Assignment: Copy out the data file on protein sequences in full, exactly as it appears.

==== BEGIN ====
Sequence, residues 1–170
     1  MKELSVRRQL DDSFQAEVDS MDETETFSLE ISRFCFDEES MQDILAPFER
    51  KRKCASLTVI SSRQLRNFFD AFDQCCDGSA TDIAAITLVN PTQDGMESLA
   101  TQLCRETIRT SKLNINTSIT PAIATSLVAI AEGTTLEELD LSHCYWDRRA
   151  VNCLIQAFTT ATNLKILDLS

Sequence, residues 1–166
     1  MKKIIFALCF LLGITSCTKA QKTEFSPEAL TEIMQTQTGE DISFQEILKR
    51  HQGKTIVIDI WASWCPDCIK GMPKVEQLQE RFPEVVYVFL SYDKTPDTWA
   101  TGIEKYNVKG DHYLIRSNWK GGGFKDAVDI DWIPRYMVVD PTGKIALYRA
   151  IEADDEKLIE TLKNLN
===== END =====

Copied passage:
Sequence, residues 1–170
     1  MKELSVRRQL DDSFQAEVDS MDETETFSLE ISRFCFDEES MQDILAPFER
    51  KRKCASLTVI SSRQLRNFFD AFDQCCDGSA TDIAAITLVN PTQDGMESLA
   101  TQLCRETIRT SKLNINTSIT PAIATSLVAI AEGTTLEELD LSHCYWDRRA
   151  VNCLIQAFTT ATNLKILDLS

Sequence, residues 1–166
     1  MKKIIFALCF LLGITSCTKA QKTEFSPEAL TEIMQTQTGE DISFQEILKR
    51  HQGKTIVIDI WASWCPDCIK GMPKVEQLQE RFPEVVYVFL SYDKTPDTWA
   101  TGIEKYNVKG DHYLIRSNWK GGGFKDAVDI DWIPRYMVVD PTGKIALYRA
   151  IEADDEKLIE TLKNLN